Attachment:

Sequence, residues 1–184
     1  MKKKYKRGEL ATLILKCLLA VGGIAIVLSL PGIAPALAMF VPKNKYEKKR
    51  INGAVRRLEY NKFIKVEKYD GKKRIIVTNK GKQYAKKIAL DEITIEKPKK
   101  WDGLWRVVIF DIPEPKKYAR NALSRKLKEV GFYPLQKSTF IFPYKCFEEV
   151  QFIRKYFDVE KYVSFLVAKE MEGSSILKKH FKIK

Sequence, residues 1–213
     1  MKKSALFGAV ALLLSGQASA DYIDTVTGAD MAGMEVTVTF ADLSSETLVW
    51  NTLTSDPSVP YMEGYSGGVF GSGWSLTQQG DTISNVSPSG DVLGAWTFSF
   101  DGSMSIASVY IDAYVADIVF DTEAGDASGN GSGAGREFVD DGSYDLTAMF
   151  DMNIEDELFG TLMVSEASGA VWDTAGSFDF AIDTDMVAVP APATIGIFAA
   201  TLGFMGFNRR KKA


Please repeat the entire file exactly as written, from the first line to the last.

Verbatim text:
Sequence, residues 1–184
     1  MKKKYKRGEL ATLILKCLLA VGGIAIVLSL PGIAPALAMF VPKNKYEKKR
    51  INGAVRRLEY NKFIKVEKYD GKKRIIVTNK GKQYAKKIAL DEITIEKPKK
   101  WDGLWRVVIF DIPEPKKYAR NALSRKLKEV GFYPLQKSTF IFPYKCFEEV
   151  QFIRKYFDVE KYVSFLVAKE MEGSSILKKH FKIK

Sequence, residues 1–213
     1  MKKSALFGAV ALLLSGQASA DYIDTVTGAD MAGMEVTVTF ADLSSETLVW
    51  NTLTSDPSVP YMEGYSGGVF GSGWSLTQQG DTISNVSPSG DVLGAWTFSF
   101  DGSMSIASVY IDAYVADIVF DTEAGDASGN GSGAGREFVD DGSYDLTAMF
   151  DMNIEDELFG TLMVSEASGA VWDTAGSFDF AIDTDMVAVP APATIGIFAA
   201  TLGFMGFNRR KKA